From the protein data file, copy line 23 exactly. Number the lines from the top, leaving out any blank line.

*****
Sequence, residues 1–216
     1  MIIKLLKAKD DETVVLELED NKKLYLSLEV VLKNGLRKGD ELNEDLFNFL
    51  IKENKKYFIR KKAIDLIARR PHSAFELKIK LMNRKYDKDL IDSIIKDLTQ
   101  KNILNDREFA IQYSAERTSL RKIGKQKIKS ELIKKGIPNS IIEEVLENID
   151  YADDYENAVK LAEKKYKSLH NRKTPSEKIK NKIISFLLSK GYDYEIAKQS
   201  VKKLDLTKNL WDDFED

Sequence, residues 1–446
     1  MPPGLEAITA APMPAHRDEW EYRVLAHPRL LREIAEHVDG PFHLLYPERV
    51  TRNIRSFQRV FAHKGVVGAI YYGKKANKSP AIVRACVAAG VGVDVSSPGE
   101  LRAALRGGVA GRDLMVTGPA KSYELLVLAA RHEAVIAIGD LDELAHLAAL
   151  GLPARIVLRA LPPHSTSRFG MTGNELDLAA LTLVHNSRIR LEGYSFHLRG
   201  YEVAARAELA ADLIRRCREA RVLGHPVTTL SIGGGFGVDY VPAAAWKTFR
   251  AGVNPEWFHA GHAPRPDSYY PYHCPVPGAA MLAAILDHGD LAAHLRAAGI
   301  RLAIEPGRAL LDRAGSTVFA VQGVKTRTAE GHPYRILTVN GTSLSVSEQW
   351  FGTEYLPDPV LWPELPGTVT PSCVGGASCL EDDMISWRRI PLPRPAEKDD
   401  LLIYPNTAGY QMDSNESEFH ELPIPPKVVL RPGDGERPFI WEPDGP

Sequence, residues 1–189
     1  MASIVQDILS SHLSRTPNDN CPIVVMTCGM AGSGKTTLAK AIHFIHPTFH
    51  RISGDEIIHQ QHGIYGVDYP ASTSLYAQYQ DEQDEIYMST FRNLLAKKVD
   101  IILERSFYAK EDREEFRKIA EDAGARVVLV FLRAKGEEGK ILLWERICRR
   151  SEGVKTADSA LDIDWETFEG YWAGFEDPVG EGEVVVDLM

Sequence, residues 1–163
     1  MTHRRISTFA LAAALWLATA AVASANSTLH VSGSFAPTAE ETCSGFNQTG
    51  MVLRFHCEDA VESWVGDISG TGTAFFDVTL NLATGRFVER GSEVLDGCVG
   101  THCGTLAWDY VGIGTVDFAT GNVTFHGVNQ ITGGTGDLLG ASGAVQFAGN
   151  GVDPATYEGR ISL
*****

     1  MTHRRISTFA LAAALWLATA AVASANSTLH VSGSFAPTAE ETCSGFNQTG